While originally released in matrixed Dolby Stereo, the VHS tape was mono with quite a bit of noise from a dirty optical track. This disc includes a 5.1 mix in DTS Master Audio but does not seem to be based very much on the original mix- there is still quite a bit of crackling noise throughout the movie, and it appears that at least the audio from the first reel was only available for this project in mono as most of the sound including music and ambient sounds stay in the center with occasional panning and what sounds like newly-added sound effects in the rears. The sound eventually opens up a bit more but still seems re-tooled. The use of the surrounds does get rather creative, such as one moment where three guys onscreen are shot and you hear the first gunshot in the right rear, then the middle, and then the left, and the LFE channel is showcased when explosives are set off. There is also a second track with a 2-channel mix, but as the disc is flagged to output as a straight bitstream some receivers (such as my Pioneer) might refuse to pro-logic decode the track and play it as straight 2-channel stereo, and even with the proper adjustments made sounds more like a remix than the original track.


A 5-minute promo in 3D is included that highlights more of the 3D gimmicks mostly in the black-and-white style with selected parts colored, and there's also a shorter digital-based 2D trailer for the re-release.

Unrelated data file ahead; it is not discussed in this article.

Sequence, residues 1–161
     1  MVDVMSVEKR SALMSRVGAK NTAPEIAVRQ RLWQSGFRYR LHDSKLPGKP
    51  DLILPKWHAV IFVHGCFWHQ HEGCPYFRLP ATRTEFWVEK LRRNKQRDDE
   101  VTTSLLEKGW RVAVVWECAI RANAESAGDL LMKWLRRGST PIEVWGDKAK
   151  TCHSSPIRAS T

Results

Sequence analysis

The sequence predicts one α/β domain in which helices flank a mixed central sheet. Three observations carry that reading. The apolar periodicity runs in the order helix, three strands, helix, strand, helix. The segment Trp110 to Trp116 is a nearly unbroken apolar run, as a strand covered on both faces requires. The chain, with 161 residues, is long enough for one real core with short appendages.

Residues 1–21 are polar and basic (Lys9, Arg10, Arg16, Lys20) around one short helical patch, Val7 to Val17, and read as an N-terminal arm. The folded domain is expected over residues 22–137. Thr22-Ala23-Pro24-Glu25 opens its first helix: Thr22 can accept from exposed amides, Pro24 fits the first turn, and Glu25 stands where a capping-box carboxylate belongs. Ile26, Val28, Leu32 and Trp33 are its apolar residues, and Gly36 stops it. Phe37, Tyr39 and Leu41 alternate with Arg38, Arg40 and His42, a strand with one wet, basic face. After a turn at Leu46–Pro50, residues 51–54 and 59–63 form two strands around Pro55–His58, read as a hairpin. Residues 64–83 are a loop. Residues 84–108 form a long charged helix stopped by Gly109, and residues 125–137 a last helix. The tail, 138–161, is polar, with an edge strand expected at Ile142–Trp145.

Final Thoughts:

Comin' At Ya! is more of a 3D demo reel than an actual movie, which some audiences might not appreciate (especially if they're not equipped for 3D) but others will find it exactly what they've been looking for, especially if they've been disappointed at the lack of out-of-screen effects in recent 3D movies. While it's likely such effects are restrained these days so as to not look so "gimmicky" and show 3D as a more artistically legitimate technology, tossing these into a horror or low-brow exploitation movie wouldn't hurt especially as long as theaters continue to insist on charging extra for 3D. While I wish the original 1981 version were included (with the original sound mix and without the de-coloring), this re-release version still delivers all the blatant, shameless 3D effects and makes no apologies for doing so and is essential to any 3D enthusiast's collection. Much of the cast and crew reunited for Treasure of the Four Crowns the following year, which was the first polarized 3D movie I saw in a theater and at the time I thought it was the best movie I had ever seen- that has been issued on various home formats in 2D but hopefully we'll get a 3D Blu-Ray of that soon also.

Jesse Skeen is a life-long obsessive media collector (with an unhealthy preoccupation with obsolete and failed formats) and former theater film projectionist. He enjoys watching movies and strives for presenting them perfectly, but lacks the talent to make his own.